U.S. donors want to bring Falashmura to Israel – the government is less keen

Last Thursday 80 new immigrants from Ethiopia landed in Israel.

The immigrants, who arrived by Ethiopian Airlines, were preceded by two groups: first, about 50 American Jews, members of a donor mission that has just returned from a tour of Ethiopia sponsored by the American Jewish establishment. Exhausted but excited, they waited for the immigrants on the tarmac.

The next group to descend consisted of Israelis for whom the flight was merely the final leg of a regular, commercial flight. They glanced at the Americans before rushing to the buses that would take them to the terminal. “Look at those Americans,” one said to his companion, “they make so much noise out of a few immigrants.”

Finally, the immigrants came down the steps, wearing holiday clothing provided by the Jewish Agency. Their faces unreadable, they hurried toward the old terminal. The immigrants are Falashmura, descendants of Jews who converted to Christianity between the end of the 19th century and the 1970s. Their fight to immigrate to Israel began in 1991 with Operation Shlomo, when Prime Minister Yitzhak Shamir decided to leave them in Ethiopia.

A cabinet committee appointed in 1992 by Prime Minister Yitzhak Rabin’s government decided to permit members of the community to immigrate for purposes of family reunification with relatives who had already come to Israel. About 25,000 Ethiopians have immigrated to Israel since 1993 in this way, far from the public eye.

No planeload of Ethiopian immigrants receives the grand welcome accorded to groups of immigrants from France or the United States.

According to community officials, between 11,000 and 13,000 Falashmura are still waiting to immigrate. At the current rate of 300 a month at most, it will take years before the entire community is in Israel.

The two government resolutions to bring the remainder of the Falashmura to Israel have never been implemented. People involved in the issue say the thin stream of immigrants represents a compromise between two different, nearly contradictory, positions, that of the Israeli government, on one hand, and the U.S. Jewish establishment on the other. Ethiopian immigrants in Israel say this political game is nearly insignificant.

Cheri Morgan, a Jewish donor from Los Angeles, sees immigration from Ethiopia as the essence of Zionism. It is about saving Jews, she says, “and this is what Israel is all about.” Morgan toured Ethiopia last week as part of Operation Promise, launched last September by United Jewish Communities to raise money for aliyah from Ethiopia.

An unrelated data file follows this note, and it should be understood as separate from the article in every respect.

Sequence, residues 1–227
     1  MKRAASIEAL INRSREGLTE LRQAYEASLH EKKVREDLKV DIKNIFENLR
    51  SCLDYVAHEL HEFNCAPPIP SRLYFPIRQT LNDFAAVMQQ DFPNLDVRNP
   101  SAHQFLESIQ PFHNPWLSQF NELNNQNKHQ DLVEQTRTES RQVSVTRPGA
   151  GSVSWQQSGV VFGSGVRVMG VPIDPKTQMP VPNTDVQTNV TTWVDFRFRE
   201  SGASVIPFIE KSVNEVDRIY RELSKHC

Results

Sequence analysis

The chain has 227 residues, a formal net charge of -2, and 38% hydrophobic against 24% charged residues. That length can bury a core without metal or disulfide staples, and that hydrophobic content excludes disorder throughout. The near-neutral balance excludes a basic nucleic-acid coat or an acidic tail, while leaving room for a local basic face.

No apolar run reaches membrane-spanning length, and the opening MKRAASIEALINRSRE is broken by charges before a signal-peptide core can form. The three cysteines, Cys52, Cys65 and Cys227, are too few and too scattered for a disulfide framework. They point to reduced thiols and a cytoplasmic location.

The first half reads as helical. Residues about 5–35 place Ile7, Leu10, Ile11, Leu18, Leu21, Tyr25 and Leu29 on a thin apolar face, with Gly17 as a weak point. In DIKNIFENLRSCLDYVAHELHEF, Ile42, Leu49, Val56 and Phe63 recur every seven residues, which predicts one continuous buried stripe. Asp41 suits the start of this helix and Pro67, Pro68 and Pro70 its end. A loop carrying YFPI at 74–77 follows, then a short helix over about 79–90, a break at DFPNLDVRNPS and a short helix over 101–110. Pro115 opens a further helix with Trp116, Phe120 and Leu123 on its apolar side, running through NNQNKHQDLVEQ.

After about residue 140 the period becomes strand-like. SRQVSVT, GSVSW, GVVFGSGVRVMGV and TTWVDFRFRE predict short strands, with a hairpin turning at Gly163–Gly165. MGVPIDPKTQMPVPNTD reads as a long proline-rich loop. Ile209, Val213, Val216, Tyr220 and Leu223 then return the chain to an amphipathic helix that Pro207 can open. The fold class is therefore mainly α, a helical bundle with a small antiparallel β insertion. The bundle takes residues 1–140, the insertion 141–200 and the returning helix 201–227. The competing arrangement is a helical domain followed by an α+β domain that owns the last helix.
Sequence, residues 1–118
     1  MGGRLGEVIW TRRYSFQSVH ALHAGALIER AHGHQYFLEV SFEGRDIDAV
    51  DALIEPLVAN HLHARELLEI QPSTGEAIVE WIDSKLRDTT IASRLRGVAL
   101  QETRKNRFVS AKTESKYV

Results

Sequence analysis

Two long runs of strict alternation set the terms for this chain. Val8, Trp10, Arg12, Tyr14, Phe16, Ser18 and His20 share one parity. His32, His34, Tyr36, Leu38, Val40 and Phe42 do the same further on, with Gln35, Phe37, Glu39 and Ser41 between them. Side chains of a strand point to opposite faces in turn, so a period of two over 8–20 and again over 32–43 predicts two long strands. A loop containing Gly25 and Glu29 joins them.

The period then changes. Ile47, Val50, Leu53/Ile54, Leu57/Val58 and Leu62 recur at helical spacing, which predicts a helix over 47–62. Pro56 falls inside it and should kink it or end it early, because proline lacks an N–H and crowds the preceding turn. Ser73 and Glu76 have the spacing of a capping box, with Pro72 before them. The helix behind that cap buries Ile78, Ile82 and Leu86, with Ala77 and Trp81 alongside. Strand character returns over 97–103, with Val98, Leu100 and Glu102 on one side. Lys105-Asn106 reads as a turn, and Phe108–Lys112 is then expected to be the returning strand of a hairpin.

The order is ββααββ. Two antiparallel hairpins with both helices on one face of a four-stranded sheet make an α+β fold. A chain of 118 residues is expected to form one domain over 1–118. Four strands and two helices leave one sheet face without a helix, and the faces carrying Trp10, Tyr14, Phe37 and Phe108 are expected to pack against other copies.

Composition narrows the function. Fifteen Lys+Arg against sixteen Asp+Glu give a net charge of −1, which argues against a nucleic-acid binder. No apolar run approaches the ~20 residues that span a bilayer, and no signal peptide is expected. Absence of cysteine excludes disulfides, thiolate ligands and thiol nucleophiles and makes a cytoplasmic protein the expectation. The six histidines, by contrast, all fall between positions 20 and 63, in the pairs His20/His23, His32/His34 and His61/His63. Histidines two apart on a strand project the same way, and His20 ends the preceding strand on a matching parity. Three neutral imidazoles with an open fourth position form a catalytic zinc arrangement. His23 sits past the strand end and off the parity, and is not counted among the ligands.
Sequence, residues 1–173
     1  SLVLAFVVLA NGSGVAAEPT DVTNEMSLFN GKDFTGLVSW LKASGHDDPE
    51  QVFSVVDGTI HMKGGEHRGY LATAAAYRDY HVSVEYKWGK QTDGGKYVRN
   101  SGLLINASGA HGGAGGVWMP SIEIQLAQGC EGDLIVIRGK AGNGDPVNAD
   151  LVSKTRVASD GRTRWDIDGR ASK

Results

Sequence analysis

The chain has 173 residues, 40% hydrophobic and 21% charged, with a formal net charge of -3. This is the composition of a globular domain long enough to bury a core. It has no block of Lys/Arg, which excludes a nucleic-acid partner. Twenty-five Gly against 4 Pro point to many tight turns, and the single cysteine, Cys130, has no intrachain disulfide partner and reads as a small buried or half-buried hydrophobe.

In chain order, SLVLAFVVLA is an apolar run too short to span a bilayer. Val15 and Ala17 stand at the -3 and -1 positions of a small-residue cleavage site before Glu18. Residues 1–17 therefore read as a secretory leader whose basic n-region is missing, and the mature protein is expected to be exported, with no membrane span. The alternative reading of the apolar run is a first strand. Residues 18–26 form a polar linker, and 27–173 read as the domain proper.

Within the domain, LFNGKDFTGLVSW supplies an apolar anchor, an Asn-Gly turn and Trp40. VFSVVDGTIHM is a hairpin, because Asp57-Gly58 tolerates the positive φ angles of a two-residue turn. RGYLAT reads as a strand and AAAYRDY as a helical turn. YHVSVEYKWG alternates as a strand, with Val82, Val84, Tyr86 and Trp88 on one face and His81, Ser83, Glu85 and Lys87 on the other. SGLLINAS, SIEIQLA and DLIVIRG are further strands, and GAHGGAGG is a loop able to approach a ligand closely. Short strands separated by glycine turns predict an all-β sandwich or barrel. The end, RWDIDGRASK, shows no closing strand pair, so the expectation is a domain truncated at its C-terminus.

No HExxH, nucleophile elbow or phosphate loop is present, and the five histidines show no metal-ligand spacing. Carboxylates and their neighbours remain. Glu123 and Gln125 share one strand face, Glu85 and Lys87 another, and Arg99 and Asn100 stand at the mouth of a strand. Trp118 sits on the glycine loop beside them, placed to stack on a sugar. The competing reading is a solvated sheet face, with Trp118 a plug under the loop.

Gail Reiss, vice-president for development of UJC, says the issue is high on the agenda for young donors who see it as a combination of helping Jews in need and as a case of social justice. It is bound up in the charged history of relations between whites and blacks in the United States.

“Jews in the U.S. care a lot about Ethiopian Jews because they don’t want the mistakes that were made in the U.S. to recur,” Reiss said. Since 2004 the UJC has supported bringing the Falashmura to Israel, and the organization’s leaders regular bring up the issue in their meetings with the prime minister and cabinet ministers.

In recent years a few prominent Israeli rabbis have voiced their support for bringing the community to Israel, citing religious rulings according to which Jews who convert are still considered Jewish. In February 2002 Rabbi Shlomo Amar ruled that Falashmura whose fathers had not married Christian women are “from the seed of Israel” and should be brought to Israel and returned to Judaism.

A year later the Interior Ministry ordered the acceleration of the process by which the eligibility of community members is examined and those deemed eligible are brought to Israel.

In January 2005 the cabinet passed another resolution to bring the rest of the Falashmura to Israel, and even set the end of 2007 as the deadline for implementing the decision. Prime Minister Ariel Sharon once again instructed the Interior Ministry to expedite the examination process. He also ordered the immigration rate to double to 600 per month.

Little has changed since the last government resolution. The only group that has demonstrated willingness to carry it out is the UJC, which has so far raised $58 million, two-thirds of which will be used to bring the Ethiopians to Israel and to facilitate their absorption.